Will this long-term study resolve transgender issues?

Inarguably, there is a large deficit when it comes to studies on the long-term effects of transgender medication and surgery. This is especially true of the long-term effects of hormones and puberty blockers on children.

A group of researchers is now trying to address the lack.

Mercury News reports, “Since 2015, they have been conducting a study sponsored by the National Institutes of Health that will involve nearly 300 young patients ages 8 to 18 to understand the long-term effects of transgender treatments. These include puberty-blocking hormones, which give patients more time to explore their gender identity, and testosterone and estrogen.”

A number of clinics in the US will participate in the study following children, some younger than 12 and up to 20 years-old. Rather than receiving intervention according to their age, these children are given hormone blockers according to their development stage.

Not all medical professionals agree with this method.

Dr Paul McHugh has referred to puberty blockers as both unnecessary and harmful. McHugh calls for a more comprehensive and rigorous diagnosis to take place before subjecting minors to experimental treatments.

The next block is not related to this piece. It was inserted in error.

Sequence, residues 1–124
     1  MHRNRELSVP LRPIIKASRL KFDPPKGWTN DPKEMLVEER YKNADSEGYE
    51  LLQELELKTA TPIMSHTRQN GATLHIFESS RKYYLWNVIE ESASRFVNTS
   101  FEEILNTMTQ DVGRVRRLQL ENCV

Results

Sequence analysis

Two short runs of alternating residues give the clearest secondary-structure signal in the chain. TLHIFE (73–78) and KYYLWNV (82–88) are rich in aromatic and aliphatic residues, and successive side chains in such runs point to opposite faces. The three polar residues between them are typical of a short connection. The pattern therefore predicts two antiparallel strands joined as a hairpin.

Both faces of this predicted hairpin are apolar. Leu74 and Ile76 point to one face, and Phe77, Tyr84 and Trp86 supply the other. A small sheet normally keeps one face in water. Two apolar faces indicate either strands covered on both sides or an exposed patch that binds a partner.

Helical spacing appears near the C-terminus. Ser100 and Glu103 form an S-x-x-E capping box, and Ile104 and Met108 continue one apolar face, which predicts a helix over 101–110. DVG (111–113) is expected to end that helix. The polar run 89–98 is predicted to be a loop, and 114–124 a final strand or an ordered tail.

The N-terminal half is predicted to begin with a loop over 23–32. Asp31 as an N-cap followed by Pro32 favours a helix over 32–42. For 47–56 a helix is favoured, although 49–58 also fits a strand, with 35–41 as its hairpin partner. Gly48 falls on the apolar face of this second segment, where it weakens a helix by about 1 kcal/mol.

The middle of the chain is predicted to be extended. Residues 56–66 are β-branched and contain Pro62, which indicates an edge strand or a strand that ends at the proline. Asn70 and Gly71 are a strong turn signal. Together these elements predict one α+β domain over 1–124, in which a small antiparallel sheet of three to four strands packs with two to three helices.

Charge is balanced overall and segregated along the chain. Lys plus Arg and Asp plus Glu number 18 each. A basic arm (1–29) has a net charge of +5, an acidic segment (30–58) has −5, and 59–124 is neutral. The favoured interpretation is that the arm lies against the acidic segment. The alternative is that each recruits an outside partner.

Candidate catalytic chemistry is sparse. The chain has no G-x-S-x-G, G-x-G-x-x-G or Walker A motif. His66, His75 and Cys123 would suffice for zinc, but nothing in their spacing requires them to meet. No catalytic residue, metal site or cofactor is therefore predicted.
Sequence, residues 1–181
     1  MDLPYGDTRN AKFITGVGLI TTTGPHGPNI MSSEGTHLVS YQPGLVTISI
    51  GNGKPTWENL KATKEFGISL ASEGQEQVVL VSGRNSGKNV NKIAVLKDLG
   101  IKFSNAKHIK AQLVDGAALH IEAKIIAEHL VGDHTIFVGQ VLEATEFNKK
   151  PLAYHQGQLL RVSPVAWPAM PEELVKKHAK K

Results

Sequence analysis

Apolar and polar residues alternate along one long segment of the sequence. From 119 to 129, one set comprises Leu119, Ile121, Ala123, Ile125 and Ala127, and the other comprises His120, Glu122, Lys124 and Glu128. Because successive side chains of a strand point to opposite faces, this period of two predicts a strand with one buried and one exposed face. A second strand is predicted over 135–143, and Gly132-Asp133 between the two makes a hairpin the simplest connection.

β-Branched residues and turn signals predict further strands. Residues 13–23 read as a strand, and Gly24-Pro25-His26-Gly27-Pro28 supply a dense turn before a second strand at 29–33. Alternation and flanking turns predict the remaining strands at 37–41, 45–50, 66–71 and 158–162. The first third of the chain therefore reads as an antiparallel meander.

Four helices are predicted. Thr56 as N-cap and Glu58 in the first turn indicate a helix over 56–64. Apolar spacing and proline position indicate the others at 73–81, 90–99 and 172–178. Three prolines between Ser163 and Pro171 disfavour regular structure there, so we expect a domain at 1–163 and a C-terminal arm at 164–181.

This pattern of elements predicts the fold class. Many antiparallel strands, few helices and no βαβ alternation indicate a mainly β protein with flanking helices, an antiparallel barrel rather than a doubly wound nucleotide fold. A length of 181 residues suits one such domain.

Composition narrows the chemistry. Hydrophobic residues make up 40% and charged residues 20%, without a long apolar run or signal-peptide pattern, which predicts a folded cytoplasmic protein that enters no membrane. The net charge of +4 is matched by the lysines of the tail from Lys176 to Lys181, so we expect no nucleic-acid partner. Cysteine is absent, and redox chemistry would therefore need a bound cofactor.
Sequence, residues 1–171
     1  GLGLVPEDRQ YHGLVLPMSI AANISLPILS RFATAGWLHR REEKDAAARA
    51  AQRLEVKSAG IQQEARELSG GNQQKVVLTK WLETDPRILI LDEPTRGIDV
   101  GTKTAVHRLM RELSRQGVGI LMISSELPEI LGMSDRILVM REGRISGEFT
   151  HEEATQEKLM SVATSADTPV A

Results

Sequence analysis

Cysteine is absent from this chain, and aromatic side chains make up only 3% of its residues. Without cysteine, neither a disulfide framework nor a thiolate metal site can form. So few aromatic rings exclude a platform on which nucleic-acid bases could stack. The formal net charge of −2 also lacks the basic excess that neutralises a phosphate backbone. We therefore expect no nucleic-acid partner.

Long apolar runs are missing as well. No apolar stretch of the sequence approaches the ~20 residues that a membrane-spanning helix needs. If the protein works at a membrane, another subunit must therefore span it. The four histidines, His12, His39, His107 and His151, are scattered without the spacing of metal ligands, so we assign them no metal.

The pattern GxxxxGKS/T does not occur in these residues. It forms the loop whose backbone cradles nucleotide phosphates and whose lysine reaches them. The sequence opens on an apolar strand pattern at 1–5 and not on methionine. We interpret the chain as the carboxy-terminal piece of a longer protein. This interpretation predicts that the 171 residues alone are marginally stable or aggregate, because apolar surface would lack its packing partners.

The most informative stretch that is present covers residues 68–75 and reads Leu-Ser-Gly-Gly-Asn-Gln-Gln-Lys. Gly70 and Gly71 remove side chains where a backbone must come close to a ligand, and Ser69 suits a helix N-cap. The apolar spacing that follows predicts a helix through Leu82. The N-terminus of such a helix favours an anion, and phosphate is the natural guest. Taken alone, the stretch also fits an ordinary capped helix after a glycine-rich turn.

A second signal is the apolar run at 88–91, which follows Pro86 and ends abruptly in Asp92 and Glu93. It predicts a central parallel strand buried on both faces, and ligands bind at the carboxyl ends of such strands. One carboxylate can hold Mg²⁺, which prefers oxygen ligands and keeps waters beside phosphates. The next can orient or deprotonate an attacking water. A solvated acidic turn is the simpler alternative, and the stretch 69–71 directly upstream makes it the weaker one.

Mercury News wrote, “As the former chief of psychiatry at Johns Hopkins Hospital, McHugh has worked with transgender patients since the 1970s. His philosophy is to encourage patients to postpone medical decisions until medical teams have ruled out other factors that could be influencing the patient’s desire to transition.”

Kirralie Smith, Binary spokeswoman is concerned about the possible effects on these children.

“To expose so many children to experimental treatments is irresponsible and dangerous. The outcomes could be irreversible such as sterility, body disfigurement, issues with bone density and major organs,” she said.

“If adults wish to undergo such treatments they do so at their own risk, fully informed and with consent. Children are unable to comprehend the long-term consequences, nor can they give the appropriate consent,” Smith added.